Nielsen: How do sales of sustainable products stack up?

By Mary Ellen Shoup

- Last updated on GMT

©GettyImages/Doug Menuez / Forrester Images
©GettyImages/Doug Menuez / Forrester Images

Related tags Sustainability Nielsen Chocolate Coffee

Sustainability-related claims on food products are popping up more frequently and while still just a small fraction of market, items mentioning sustainability outperformed the growth rate of total products in their respective category, according to Nielsen.

In a report​using Nielsen point-of-sale data with WellnessTrack claims and sustainable product attributes sourced by Nielsen Product Insider, the sales data insights firm took a deep dive into the performance of sustainability claims in chocolate and coffee.

Defining sustainable claims

When looking at callouts of sustainability claims for chocolate, Nielsen stuck to environmental claims (carbon neutral, ethically sourced, made with renewable energy, etc.), fair trade designation, and the absence of artificial ingredients.

While chocolate with environmental claims makes up only 0.2% of the total category share, it grew by 22% from March 2017 to March 2018 – more than 4x the rate of total category dollar sales growth.

In terms of units, Nielsen data showed that chocolate product with environmental claims sold at a rate 5x faster than the overall category (15% unit sales growth compared with 3%).

Sales of products with fair trade claims (which make up only 0.1% of total chocolate share) are growing faster than the overall category as well, with dollar sales growth outpacing category growth by 2x (10% vs. 5%) and unit sales growth by 5x (15% vs. 3%).

‘Clean’ chocolate on the rise

Consumers are also willing to pay more for chocolate products that are free-from 'undesirable' or artificial ingredients, a subset of products that makes up 15.2% of the overall chocolate category, according to Nielsen.

Chocolate that is free of artificial ingredients, or made with ‘clean’ ingredients, is growing on par in unit sales with the total chocolate category, both growing at 3%. This data insight could lead to the assumption that products with clean ingredient claims are not growing faster than the total category, Nielsen pointed out.

“However, products with this claim have grown faster from a dollar sales perspective than the total market (16% vs 5%). Based on that, we can infer that price is actually higher per unit, and that consumers are willing to pay more for the sustainable choice.”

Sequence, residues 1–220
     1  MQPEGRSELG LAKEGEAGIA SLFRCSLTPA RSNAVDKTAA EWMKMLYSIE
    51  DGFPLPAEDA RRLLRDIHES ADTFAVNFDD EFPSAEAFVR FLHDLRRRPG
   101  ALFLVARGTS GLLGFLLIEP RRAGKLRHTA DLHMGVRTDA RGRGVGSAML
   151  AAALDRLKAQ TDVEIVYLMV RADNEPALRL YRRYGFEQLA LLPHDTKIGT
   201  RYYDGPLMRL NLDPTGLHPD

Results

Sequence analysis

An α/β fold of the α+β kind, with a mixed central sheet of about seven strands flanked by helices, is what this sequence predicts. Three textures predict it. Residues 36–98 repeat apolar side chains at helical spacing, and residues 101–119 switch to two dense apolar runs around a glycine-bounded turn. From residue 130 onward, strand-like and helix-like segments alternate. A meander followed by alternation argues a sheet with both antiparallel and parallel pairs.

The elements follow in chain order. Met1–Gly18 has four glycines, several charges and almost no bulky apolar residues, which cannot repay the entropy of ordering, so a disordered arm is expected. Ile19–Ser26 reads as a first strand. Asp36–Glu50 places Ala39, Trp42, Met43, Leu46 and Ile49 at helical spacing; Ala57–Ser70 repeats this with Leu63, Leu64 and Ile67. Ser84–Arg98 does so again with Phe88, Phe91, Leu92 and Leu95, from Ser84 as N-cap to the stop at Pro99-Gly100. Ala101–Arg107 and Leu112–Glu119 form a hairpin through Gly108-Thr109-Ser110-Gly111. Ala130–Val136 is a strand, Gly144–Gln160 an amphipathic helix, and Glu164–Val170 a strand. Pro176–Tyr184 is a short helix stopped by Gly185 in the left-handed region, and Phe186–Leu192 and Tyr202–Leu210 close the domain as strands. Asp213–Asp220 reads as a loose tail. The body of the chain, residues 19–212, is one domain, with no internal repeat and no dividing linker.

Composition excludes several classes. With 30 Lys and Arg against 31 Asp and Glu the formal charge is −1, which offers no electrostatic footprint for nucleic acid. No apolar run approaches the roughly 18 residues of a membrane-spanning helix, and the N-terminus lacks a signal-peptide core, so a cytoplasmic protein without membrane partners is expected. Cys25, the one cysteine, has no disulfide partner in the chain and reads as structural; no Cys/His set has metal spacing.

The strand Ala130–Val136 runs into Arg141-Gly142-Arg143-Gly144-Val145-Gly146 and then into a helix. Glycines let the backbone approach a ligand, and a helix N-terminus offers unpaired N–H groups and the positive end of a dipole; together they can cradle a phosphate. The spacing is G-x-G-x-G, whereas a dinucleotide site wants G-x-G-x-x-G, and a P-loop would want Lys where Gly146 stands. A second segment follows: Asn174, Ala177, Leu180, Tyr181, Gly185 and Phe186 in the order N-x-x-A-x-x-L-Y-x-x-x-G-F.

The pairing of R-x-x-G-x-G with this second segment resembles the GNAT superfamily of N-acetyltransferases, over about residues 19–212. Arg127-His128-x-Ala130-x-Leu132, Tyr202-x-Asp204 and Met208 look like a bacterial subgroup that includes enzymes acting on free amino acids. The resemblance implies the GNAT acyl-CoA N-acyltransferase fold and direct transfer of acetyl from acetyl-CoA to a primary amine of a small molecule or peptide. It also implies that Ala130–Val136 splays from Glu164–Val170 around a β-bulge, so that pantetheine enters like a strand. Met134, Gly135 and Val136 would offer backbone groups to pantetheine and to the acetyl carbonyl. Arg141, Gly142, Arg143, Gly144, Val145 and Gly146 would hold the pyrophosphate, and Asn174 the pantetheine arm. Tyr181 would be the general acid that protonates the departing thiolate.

Along with the increase of the average retail unit price, chocolate free from artificial ingredients is increasingly being sold in a greater number of stores, while the distribution of all other chocolate is flat, Nielsen added.

“Although the share of chocolate free from artificial ingredients may seem small from a manufacturer standpoint, the growth rate is remarkable given the relatively smaller share of the total market that the segment makes up.”

How about sustainable coffee?

The same three types of claims (environmental claims such as recyclable packaging to eco-friendly labeling, absence of artificial ingredients, and fair trade) were assessed in the coffee category.

Nielsen found that while the total coffee category declined 1% in dollar growth from March 2017 to March 2018, coffee products with environmental and fair trade claims experienced double-digit dollar sales growth for the same period.


Coffee products with environmental claims on its packaging saw total dollar growth increase by 25% from March 2017 to March 2018, compared to the sales volume growth of 4% in the total coffee category.

Quantities sold of coffee with environmental claims were also up, growing 52% in sales volume in the last year, according to Nielsen.

“It’s important to remember that price and distribution affect consumers’ willingness and ability to purchase coffee products with sustainability claims,”​ noted Nielsen.

“Given their fast rate of sales growth in stores, coffee brands that have an environmental sustainability claim can often request greater shelf placement from retailers because they (and retailers) know that consumers are increasingly seeking them out in-store.”

The takeaway on sustainability claims

While consumers are spending more on products with sustainability claims within the chocolate and coffee categories, distribution and in-store availability of conventional products is 200x greater than the presence of sustainable products.

“What we do know is that sustainability presents an opportunity to be creative about innovative growth," ​said Nielsen. "Embedding consumer demand for sustainability into your company strategy and product pipeline requires data specific to your brand footprint and consumer profile.”

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